Black holes are one of highest density objects in the universe. Because of this high density(m/v) more matter is highly compressed in a very small volume( i am guessing that molecules cant freely move in black hole thus forming a perfect crystals). my question is whether entropy($\bigtriangleup S$) of the black hole can be considered as zero or not? Then what is the free energy of the blackhole, whether it will like this $\bigtriangleup G=\bigtriangleup H$.
You have a misunderstanding about black holes: objects are not trapped and immobile at the center, they are smeared out nonlocally on the horizon, and the horizon jiggles in a random way which is thermal. Black hole entropy is proportional to the area, and the horizon surface area of a black hole with finite mass in our universe is never zero.
The argument that black holes have a high entropy (infinite in the classical limit) is given by Bekenstein--- if you throw an equal mass into a black hole, the final state does not care what mass you threw in. If you throw cold matter, you get the same final state as if you throw hot matter. So the final state must have a huge entropy, equal to the maximum entropy of what you can throw in. This was the source of the black hole advances of the last 30 years, that led to AdS/CFT.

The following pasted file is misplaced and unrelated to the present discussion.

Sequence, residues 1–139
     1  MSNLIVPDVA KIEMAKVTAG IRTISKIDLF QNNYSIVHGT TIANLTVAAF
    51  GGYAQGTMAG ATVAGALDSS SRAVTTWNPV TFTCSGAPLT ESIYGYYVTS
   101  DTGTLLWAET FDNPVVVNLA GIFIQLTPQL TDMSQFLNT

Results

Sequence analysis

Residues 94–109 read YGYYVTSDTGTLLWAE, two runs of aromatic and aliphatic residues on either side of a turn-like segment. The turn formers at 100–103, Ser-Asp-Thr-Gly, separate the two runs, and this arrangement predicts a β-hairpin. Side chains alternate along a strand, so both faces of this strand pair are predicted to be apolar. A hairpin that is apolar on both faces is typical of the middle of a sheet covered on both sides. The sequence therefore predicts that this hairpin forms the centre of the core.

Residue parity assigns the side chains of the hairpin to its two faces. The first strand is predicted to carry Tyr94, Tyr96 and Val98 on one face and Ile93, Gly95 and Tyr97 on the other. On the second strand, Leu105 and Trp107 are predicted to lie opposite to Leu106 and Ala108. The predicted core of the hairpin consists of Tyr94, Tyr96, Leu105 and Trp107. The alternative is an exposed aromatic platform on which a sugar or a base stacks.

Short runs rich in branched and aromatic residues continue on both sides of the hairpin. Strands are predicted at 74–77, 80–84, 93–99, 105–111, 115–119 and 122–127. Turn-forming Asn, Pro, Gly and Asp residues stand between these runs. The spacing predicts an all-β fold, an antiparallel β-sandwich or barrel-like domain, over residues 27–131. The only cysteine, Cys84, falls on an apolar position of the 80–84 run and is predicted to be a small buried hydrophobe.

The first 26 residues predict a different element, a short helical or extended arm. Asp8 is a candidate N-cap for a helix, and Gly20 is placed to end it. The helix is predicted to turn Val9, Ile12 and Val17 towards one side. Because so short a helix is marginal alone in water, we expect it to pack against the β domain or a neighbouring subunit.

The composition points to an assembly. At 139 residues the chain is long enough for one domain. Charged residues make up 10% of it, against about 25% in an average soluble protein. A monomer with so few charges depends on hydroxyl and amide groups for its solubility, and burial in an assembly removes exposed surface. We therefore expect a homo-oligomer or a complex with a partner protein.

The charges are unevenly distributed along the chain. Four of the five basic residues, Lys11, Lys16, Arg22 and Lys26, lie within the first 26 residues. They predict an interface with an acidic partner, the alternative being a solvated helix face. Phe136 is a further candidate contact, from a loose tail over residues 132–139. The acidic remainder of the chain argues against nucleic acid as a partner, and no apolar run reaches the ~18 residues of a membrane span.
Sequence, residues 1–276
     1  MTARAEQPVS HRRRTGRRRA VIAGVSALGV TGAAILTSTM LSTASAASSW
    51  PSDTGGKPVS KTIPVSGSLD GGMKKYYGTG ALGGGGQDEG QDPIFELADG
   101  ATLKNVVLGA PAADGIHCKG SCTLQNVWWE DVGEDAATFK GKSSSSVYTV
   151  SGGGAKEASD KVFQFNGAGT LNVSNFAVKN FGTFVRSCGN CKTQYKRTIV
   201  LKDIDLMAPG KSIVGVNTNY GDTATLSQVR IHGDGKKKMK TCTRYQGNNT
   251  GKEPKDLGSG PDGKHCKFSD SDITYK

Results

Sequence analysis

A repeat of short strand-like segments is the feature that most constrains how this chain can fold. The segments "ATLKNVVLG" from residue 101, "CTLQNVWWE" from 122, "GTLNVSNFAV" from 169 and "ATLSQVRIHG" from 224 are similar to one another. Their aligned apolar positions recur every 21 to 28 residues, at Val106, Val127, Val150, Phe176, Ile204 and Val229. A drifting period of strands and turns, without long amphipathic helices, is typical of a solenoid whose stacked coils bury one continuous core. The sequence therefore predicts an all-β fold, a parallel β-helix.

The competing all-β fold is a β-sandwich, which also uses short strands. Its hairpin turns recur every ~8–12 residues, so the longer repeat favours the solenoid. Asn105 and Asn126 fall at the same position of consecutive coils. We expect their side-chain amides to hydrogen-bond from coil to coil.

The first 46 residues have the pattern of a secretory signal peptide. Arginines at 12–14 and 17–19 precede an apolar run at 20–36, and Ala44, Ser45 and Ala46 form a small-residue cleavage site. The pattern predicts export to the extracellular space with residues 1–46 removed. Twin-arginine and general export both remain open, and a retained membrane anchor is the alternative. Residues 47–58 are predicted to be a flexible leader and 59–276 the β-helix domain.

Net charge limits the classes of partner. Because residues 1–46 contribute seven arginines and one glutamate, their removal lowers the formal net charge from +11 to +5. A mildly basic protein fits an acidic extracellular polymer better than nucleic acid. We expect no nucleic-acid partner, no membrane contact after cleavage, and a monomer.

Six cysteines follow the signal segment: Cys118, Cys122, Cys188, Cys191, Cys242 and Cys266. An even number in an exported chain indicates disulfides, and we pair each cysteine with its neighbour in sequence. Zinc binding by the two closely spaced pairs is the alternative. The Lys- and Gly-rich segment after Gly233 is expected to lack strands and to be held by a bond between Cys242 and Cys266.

In our 3+1 dimensioal universe with no long-range scalar fields and only electric charge, you can cool a black hole down to absolute zero (by spinning it or charging it up), but the result is a large entropy state, because the horizon area doesn't go to zero in this limit. But in higher dimensions, with a dilaton scalar field and p-form charge, the 3-brane of type IIB string theory has zero entropy in the extremal limit. This is why it is described by a gauge theory (a regular quantum field theory) whose zero temperature state has zero entropy too.